Tuesday, 11 October 2016
A pair of Imao Keinen’s woodblock prints
Imao Keinen (今尾 景年)(1845-924)
“Flying bird with flowers” (descriptive title only), 1891, cut by Tanaka Hirokichi Imprimeur: Miki Jinzaburo, from the series “Flowers and birds of four seasons”, published by Nishimura Soemon.
“Cockatoo on a branch with flowers” (descriptive title only), 1891, cut by Tanaka Hirokichi Imprimeur: Miki Jinzaburo, from the series “Flowers and birds of four seasons”, published by Nishimura Soemon.
Colour woodblock prints on fine laid washi paper with stab binding holes to the left margins
Size of each print: (sheet) 36.7 x 25.4 cm; (image borderline) 32.2 x 22.3 cm
Condition: both prints are in good condition but there are a few flecks of ink (created at the time of printing?), and minor signs of handling appropriate to the age of the prints.
I am selling this rare pair of original woodblock prints by Imao Keinen from 1891 for a total cost of AU$300 (currently US$232.72/EUR194.93/GBP166.91 at the time of this listing) including postage and handling to anywhere in the world.
If you are interested in purchasing these large original prints, please contact me (email@example.com) and I will send you a PayPal invoice to make the payment easy.
These are large and extraordinarily beautiful original prints from 1891. What I find amazing is how the artist (Imao Keinen) is able to suggest that white roses in the upper print are a brilliant yellow-white set against the cream colour of the paper and the colour of the cockatoo’s feathers in the lower print is a genuine snow white. And, importantly, the artist achieved these suggestions of luminous white without actually using a single block of printed white.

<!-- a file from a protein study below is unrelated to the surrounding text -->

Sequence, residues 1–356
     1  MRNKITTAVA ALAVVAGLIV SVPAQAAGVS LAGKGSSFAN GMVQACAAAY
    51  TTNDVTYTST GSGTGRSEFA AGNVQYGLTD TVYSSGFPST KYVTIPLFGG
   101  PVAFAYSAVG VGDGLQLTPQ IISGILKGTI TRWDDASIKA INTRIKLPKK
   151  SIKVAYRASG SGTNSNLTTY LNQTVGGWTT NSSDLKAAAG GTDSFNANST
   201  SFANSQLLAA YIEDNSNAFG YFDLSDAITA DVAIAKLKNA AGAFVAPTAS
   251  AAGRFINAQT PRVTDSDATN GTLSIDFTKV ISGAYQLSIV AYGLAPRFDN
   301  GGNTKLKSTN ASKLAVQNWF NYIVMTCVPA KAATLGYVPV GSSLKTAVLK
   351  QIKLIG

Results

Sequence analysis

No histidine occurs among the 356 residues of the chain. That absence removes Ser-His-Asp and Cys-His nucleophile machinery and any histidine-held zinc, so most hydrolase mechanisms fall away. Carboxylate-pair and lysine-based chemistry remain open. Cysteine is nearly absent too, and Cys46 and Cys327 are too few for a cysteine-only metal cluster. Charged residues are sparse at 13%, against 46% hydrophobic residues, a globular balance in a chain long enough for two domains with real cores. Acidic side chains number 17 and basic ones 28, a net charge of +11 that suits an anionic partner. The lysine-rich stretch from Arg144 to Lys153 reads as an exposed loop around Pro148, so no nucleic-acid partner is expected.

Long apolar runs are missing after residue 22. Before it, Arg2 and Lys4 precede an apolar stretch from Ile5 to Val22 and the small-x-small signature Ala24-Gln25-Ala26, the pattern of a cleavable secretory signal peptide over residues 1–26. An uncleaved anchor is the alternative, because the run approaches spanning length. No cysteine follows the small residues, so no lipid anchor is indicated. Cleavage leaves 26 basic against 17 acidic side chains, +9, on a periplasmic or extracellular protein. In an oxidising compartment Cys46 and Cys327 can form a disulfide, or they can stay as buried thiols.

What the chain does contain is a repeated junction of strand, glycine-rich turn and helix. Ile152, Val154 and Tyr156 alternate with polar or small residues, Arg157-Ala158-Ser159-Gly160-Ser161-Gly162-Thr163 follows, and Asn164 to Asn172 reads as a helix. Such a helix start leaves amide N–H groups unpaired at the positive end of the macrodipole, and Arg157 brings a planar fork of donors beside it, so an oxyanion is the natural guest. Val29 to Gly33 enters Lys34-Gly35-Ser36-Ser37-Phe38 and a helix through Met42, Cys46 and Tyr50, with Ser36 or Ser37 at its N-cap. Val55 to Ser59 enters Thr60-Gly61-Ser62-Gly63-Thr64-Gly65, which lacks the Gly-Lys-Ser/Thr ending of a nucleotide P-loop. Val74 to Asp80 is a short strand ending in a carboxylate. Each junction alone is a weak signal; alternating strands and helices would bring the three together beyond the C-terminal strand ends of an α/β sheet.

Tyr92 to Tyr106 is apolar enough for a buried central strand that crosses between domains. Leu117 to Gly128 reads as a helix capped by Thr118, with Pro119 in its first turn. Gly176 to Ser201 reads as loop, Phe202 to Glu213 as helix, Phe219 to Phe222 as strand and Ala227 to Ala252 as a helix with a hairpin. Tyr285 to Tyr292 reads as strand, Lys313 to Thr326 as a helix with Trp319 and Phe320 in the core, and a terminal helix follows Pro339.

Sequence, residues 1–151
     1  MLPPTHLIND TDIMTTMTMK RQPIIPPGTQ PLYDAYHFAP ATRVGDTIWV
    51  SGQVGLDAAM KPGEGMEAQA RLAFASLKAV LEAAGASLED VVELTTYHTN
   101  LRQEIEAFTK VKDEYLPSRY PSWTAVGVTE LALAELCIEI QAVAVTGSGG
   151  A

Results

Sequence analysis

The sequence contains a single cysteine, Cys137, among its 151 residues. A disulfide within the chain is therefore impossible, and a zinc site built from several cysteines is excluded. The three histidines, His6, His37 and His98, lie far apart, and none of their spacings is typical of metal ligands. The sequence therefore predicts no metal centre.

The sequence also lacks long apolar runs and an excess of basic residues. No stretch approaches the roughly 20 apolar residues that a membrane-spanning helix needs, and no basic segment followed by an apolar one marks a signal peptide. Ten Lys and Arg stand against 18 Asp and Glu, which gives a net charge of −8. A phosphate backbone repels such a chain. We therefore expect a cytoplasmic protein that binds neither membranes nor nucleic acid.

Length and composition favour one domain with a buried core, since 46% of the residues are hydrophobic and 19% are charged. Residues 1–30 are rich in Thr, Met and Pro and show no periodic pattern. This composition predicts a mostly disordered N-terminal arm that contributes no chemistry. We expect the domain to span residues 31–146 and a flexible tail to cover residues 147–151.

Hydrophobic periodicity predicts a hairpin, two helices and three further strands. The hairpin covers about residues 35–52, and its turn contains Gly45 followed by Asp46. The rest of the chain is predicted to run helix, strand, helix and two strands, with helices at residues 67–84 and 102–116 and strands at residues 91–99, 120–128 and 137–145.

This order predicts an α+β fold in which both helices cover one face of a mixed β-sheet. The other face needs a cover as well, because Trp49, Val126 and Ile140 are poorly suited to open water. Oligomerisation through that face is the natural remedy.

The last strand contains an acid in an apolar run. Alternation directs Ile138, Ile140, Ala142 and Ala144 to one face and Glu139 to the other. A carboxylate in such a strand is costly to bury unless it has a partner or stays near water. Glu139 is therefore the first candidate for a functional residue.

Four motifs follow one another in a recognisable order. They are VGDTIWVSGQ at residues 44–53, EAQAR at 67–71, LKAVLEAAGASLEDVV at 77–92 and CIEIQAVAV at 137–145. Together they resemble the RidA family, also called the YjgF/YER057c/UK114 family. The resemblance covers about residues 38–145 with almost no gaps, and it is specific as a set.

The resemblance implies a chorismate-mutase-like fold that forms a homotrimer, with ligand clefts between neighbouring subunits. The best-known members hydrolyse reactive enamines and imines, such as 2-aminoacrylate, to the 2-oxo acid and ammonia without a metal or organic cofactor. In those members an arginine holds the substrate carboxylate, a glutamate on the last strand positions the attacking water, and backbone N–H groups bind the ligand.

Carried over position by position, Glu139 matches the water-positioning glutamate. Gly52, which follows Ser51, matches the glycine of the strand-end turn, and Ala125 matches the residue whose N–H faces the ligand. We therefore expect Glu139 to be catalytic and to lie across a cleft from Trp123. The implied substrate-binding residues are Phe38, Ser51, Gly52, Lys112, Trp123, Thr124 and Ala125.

Equally interesting for me is how Imao Keinen connotes subtle differences of texture. For instance, in his treatment of the roses, note how the gradation of tone within the shadows on the petals are rendered with a slight graininess suggesting the almost pillowy softness of the petals. Compare this treatment with the effect of what is termed “flying whites”—an effect like dry-brushed paint—in the way that the artist has represented the shiny but rough bark on the branches in the lower print.